Blade Runner (1982): The Final Cut (2007) – Directed by Ridley Scott – Starring Harrison Ford, Rutger Hauer, Sean Young, Daryl Hannah, William Sanderson, Joanna Cassidy, Edward James Olmos, Brion James, Joe Turkel, and M. Emmet Walsh.
I’d much rather write about a semi-forgotten movie like The Black Hole or a newer, “argument still in process” movie like Sucker Punch than an established classic like BLADE RUNNER, where it feels like everyone has already had the discussion, settled on their opinions, and left to talk about something else.
It’s not that I think I’m changing anyone’s mind with these reviews, but rather that I feel like there’s nothing much left to say about a movie that has been so widely seen and written about that this is just another log on the “BLADE RUNNER is awesome pile.”
BLADE RUNNER is Ridley Scott’s dystopian vision of 2019 Los Angeles. Based on Philip K. Dick’s Do Androids Dream of Electric Sheep?, BLADE RUNNER is a rain-soaked, dark, noir thriller. Rick Deckard (Harrison Ford) is a worn down “Blade Runner,” a special cop who hunts down replicants and “retires” them, which is code for “blasts the sh*t out of them until they die.” Replicants are replicants that look like humans but are banned from use on Earth; they’re manufactured for off-world functions, such as menial labor and sex. If a replicant finds itself on Earth, a Blade Runner is sent after it, and when that happens, we have a movie.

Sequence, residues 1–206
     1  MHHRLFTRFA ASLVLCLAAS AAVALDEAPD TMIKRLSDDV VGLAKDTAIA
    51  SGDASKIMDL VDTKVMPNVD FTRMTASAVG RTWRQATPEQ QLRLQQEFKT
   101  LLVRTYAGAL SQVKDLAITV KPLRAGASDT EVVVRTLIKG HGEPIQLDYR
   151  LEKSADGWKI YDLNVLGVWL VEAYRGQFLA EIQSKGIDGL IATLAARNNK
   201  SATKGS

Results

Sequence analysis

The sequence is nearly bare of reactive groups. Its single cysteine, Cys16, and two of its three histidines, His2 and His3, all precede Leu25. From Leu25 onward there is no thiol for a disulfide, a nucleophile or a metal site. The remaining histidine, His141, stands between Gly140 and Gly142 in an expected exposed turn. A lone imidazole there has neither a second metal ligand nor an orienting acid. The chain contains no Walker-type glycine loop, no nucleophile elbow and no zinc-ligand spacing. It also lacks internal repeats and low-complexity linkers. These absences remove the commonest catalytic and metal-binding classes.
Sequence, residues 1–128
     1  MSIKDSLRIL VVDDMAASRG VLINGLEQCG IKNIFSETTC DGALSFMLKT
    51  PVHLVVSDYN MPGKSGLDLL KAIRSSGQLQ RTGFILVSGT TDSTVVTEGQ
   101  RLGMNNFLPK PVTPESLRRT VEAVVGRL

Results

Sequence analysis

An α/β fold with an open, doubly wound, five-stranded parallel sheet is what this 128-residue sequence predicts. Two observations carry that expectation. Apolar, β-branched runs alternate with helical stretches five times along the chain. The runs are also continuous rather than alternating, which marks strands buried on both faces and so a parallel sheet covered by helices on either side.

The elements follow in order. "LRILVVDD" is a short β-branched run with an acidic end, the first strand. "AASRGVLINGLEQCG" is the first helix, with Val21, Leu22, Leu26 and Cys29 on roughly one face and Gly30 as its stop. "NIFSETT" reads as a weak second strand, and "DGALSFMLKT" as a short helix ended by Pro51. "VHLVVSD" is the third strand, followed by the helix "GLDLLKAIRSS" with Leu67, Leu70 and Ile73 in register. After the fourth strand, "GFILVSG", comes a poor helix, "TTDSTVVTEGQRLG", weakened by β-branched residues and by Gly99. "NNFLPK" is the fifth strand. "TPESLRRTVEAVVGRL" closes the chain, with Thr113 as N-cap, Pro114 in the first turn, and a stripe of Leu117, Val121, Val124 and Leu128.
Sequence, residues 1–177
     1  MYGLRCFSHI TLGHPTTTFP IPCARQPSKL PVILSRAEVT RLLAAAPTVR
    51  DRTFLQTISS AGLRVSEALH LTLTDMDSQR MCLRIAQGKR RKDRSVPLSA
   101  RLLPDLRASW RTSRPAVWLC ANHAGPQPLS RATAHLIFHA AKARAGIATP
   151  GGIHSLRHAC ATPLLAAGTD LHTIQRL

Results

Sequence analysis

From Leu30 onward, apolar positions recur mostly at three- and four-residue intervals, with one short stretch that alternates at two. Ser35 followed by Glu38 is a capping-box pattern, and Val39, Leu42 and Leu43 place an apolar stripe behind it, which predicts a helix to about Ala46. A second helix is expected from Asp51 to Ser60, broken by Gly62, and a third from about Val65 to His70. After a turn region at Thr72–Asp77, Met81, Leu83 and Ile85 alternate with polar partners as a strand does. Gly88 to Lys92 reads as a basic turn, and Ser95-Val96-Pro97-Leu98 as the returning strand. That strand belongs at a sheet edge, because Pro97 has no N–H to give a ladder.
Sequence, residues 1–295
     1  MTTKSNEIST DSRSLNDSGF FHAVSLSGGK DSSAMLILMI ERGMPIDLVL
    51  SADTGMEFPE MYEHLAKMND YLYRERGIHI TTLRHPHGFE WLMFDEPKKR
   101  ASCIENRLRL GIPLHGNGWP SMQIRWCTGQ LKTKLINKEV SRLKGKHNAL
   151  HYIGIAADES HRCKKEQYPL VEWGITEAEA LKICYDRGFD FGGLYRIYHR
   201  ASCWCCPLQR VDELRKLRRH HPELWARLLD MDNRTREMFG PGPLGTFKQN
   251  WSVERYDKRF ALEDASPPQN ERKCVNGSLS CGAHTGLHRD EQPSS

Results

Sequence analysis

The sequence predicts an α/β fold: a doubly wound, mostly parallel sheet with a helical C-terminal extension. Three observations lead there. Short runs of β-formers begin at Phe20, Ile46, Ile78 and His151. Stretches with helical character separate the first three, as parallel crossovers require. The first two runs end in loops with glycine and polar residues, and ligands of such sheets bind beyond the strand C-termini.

BLADE RUNNER works on every level: story, direction, acting, tone, pace … I could have done without the Vangelis score but it’s not obtrusive. The first half of the film is successful primarily because of the tone and the latter half is successful because of story, as Deckard’s body count rises and his attitude towards replicants shifts.
I don’t like “last job” stories, but BLADE RUNNER succeeds in telling a last job story because Deckard has already checked out of this life, and when he’s then pulled back in by his boss (M. Emmet Walsh) his reluctance is reinforced by his experience with the replicants. This isn’t just one of those “I want to quit” stories but rather, “I need to quit,” and that need is soaked onto Ford’s face in every scene of the film. (And, let’s be honest, the dour Deckard seems much more like the Harrison Ford we see in interviews than Han or Indy ever did; Ford was born to play this part.) When he falls for Rachael (Sean Young), it’s not so much that his love for her changes him as much as his desire for her reveals his already changing attitude. While Deckard goes out and does his job, killing the escaped replicant Zhora (Joanna Cassidy), and then being saved by Rachael from being killed by Leon (Brion James), he’s already fallen for Rachael. His bedding of Rachael comes off as less about Deckard wanting Rachael as it does Deckard struggling with his attitude towards replicants.